The Latest on Wildland Fires and Air Quality for Kalispell, Montana
Tips for Recreating Responsibly and Actively Preventing Fires
Northwest Montana experienced hot weather this summer, which increased the risk of wildland fires. In addition, there are several fires burning throughout the West, all of which are contributing to air quality. Keep in mind that most of the smoke in Montana is not from local fires, as smoke blows in from hundreds of miles away. Smoke conditions can change quickly and you can find the latest on air quality here.
As 70% to 80% of all wildland fires are human-caused and Montana is experiencing drought conditions with dry forests and dry landscapes, it's imperative that we all do our part to prevent fires. Although recent rain and cooler temperatures have reduced wildland fire danger it's still important to be careful and mindful when recreating in forested areas.
- Only have a campfire in a designated fire pit or fire ring. Be prepared and have the proper tools to extinguish a campfire before you light it.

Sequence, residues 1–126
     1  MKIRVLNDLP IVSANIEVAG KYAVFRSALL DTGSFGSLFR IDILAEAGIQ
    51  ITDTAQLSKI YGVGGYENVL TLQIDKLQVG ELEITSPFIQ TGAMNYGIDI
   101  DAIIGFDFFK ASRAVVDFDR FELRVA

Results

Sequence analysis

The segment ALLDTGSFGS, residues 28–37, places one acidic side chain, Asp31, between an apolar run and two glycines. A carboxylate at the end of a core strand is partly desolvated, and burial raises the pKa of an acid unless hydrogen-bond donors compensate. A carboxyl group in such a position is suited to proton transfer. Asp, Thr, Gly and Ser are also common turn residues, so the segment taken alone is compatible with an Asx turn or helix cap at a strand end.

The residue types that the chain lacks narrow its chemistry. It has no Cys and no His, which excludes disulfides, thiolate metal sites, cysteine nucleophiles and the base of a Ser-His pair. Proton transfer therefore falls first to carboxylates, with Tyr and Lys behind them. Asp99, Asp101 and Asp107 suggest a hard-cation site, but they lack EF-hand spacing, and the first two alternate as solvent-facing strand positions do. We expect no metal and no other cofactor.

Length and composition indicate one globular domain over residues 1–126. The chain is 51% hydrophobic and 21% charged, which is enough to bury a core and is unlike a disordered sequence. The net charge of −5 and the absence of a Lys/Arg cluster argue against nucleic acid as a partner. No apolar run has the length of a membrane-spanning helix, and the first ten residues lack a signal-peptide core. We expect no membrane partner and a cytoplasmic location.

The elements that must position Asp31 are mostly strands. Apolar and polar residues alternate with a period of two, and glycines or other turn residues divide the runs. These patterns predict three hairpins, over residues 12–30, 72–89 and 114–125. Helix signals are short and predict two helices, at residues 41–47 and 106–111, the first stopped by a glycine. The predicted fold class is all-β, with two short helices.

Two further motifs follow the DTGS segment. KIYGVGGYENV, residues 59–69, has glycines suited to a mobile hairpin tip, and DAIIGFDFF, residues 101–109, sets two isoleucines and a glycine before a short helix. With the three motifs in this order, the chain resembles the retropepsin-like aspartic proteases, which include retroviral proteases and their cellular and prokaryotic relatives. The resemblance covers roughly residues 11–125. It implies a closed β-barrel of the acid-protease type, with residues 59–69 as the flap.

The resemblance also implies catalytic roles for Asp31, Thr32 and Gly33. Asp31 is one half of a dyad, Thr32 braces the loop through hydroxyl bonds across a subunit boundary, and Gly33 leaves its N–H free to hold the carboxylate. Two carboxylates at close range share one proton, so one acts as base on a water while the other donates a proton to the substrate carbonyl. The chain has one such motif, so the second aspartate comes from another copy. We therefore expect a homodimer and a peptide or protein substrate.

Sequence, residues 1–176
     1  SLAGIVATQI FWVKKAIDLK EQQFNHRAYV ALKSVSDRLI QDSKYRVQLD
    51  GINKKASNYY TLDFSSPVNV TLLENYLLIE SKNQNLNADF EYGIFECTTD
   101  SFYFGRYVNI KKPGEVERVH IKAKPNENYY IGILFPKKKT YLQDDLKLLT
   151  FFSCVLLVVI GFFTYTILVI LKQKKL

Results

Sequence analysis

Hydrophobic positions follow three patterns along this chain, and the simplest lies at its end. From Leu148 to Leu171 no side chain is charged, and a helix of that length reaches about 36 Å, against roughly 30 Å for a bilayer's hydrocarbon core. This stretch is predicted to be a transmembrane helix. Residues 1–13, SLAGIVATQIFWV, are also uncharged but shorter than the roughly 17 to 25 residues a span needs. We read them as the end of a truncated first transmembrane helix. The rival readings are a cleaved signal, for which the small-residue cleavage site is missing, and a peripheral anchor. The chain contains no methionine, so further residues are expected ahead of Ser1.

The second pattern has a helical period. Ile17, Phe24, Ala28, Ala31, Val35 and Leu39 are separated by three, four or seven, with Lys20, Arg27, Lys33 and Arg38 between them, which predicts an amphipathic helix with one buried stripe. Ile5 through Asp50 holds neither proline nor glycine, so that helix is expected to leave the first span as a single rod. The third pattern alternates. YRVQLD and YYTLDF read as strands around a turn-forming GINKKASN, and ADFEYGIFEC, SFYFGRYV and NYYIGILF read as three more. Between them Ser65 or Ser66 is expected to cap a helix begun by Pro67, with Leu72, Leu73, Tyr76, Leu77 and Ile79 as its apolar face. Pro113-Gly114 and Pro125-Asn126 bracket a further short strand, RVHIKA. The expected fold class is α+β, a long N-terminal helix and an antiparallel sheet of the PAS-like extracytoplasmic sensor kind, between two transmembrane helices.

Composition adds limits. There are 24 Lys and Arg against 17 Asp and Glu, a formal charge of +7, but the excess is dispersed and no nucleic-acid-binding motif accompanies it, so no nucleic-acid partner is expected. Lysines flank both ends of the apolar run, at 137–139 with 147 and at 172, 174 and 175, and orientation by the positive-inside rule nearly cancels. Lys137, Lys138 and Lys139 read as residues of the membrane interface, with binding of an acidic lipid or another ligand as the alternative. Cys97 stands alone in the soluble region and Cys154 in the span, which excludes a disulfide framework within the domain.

- Don't throw cigarette butts outside.
- If you're towing a camper, boat or trailer, be sure your chains are not dragging as sparks can (and do) start fires.
- Don't pull into dry grass or fields with a hot car.
Air quality has improved but smoke from wildfires in other areas and states can move in to northwest Montana without warning. If you are sensitive to the smoke reference the air quality index before heading outdoors. There is also plenty to see and do in and around Kalispell that doesn't include prolonged times outdoors. Check out local museums and galleries, peruse downtown, set out on a day trip or sip Montana at a local distillery, brewery, cidery or winery.
No matter what brings you to Kalispell, Montana, we're glad you're here. In addition, we ask that you please play an active role in preventing wildland fires and continue to recreate responsibly to keep this place as wild, untouched and beautiful as ever.